To help drive implementation of the United Nations Guiding Principles on Business and Human Rights (UNGPs), the United Nations (UN) in 2011 established an Annual Forum on Business and Human Rights (Annual Forum). Organised each year by the Office of the UN High Commissioner for Human Rights (OHCHR) with guidance from the UN Working Group on Business and Human Rights (UNWG), the idea is to bring together all key stakeholders including business, government and civil society to move the agenda forward and build stronger relationships for collective action. This year’s 5th Annual Forum, held from 14-16 November in Geneva, focused on Leadership and Leverage: Embedding Human Rights in the Rules and Relationships that Drive the Global Economy. The event is akin to a Comic-Con for business and human rights practitioners – an opportunity to reconnect with colleagues from around the world and take the pulse on key challenges and opportunities from high level policy making to operations on the ground. Perhaps more importantly, it is also being increasingly frequented by newcomers, including businesses, seeking to better understand different stakeholders’ views as well as guidance on how to progress their own work.
Who was there?
Amongst over 2,000 participants from 140 countries it was good to see a more proportionate spread of different stakeholder groups than previous years. Based on figures provided by OHCHR, 24% of participants were from business enterprises and associations and 30% from civil society organizations, affected stakeholders, trade unions and indigenous peoples groups. Governments made up 14% of the participants. 55% of the participants were women and 45% were men.
There were 47 registered Australians though the majority are not based in Australia. There were 4 Australian business participants. So while there were plenty of Australian accents bemoaning the coffee there is more work to do to raise participation of Australians working on business and human rights issues in the Australian context. It was encouraging to see higher participation from the Australian Government than previous years, including from the Department of Foreign Affairs and Trade and the Attorney-General’s Department as well as the Australian Permanent Mission to the UN. This included co-convening a session focused on Australian efforts to engage business as part of the Bali Process to end trafficking and modern slavery in the Asia-Pacific region.
Businesses tended to be represented by sustainability practitioners, in-house counsel or procurement specialists. There was higher participation by senior leaders including CEOs than previous years. This included Australians Mark Cutifani from Anglo American and Andrew Forrest from Fortescue Metals Group though representing the Walk Free Foundation.
What was on the agenda?
The 2016 Annual Forum aimed to focus on the leadership and leverage that different stakeholders in business value chains can exercise to help prevent and address adverse business related human rights impacts. covered topics ranging from the role of state-owned enterprises to increasing interest in the activities of financial institutions. The Sustainable Development Goals (SDGs) were front and centre, with various sessions around integrating respect for human rights into business implementation of the SDGs. Access to remedy was also a focus with several sessions discussing the particular challenges faced by human rights defenders. And of particular interest to Australian stakeholders following the Government’s business and human rights consultations, there was a helpful session where 13 Governments including the U.S., U.K., and Japan provided updates on national action plans on business and human rights (NAPs). The OHCHR will release an event summary in coming months. In the meantime, you can watch sessions that were recorded as well as see some of the statements made at the Annual Forum.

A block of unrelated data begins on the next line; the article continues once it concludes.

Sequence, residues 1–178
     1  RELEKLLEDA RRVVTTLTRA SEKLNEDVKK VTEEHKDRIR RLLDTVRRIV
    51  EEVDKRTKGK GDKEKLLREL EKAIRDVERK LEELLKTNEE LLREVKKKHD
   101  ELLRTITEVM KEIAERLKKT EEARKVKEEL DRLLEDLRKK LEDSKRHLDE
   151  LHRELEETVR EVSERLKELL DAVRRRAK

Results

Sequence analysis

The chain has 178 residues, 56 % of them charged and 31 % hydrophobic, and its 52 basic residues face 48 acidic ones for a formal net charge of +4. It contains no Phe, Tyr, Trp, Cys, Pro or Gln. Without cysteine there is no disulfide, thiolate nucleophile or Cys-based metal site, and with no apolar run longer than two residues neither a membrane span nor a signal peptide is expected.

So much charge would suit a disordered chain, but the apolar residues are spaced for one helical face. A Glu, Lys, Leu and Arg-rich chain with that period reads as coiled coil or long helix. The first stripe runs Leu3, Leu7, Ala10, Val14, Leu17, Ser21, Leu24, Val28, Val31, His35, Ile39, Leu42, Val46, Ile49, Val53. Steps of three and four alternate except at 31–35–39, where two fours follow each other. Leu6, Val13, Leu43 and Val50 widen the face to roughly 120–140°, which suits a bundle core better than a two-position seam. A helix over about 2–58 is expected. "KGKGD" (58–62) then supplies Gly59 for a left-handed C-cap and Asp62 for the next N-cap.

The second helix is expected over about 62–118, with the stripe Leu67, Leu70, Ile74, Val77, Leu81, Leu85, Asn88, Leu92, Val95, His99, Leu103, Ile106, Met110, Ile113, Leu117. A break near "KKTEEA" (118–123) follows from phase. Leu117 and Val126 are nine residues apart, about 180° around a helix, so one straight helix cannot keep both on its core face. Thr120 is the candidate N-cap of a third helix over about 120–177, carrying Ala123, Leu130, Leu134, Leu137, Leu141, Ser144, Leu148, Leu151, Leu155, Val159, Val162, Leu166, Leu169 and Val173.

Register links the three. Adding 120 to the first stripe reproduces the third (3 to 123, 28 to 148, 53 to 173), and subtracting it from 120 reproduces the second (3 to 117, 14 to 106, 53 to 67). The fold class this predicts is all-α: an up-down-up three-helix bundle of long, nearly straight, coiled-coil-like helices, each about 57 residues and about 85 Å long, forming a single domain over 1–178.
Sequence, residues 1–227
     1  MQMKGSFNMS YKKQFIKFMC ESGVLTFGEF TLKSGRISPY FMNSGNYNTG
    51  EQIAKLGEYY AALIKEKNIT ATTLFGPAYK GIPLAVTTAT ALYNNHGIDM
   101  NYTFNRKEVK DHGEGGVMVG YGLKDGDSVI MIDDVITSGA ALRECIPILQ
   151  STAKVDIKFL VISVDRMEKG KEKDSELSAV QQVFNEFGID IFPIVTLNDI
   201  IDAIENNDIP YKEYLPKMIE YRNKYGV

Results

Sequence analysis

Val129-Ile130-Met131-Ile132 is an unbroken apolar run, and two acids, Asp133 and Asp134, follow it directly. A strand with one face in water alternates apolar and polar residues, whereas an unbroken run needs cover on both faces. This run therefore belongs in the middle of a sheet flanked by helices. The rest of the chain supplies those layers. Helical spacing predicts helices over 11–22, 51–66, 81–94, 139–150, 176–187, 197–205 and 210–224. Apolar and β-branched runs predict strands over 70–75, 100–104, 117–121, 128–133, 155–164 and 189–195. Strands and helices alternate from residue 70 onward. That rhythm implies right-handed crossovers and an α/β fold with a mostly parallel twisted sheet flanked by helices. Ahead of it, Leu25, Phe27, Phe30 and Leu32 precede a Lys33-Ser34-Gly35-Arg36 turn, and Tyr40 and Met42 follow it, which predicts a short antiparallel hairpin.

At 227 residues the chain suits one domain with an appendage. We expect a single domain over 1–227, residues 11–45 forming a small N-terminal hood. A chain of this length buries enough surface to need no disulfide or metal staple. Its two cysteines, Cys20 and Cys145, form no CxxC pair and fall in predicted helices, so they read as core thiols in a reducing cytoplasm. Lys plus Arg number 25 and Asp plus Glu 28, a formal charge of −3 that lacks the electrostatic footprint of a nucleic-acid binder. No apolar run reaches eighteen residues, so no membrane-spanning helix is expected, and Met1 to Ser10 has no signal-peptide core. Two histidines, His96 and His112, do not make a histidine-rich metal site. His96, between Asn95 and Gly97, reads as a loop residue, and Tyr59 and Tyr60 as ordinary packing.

What were the key takeaways?
As with any large scale event participants’ views will differ on key themes from the Annual Forum. The following are just some of the interesting ideas and next steps discussed.
More work is needed to ensure respect for human rights is effectively embedded into business plans and action to implement the SDGs
Professor John Ruggie, author of the UNGPs, made powerful remarks regarding the need for companies to continue to see respecting human rights as a baseline in implementing the SDGs. He spoke of avoiding siloes between companies’ human rights and SDGs work. He also expressed concern that the emerging SDG narrative (a) does not sufficiently equate “doing no harm” with “doing good”; and (b) that shifts from the language of responsibility to opportunity without meaningfully linking the two may not be doing key stakeholders, including business, any favours in terms of managing risks to people and business. These views were reiterated in other sessions by a variety of stakeholders.
Businesses – NGO/community engagement is not progressing the way it should be and there is a particular gap when it comes to minimising risks to human rights defenders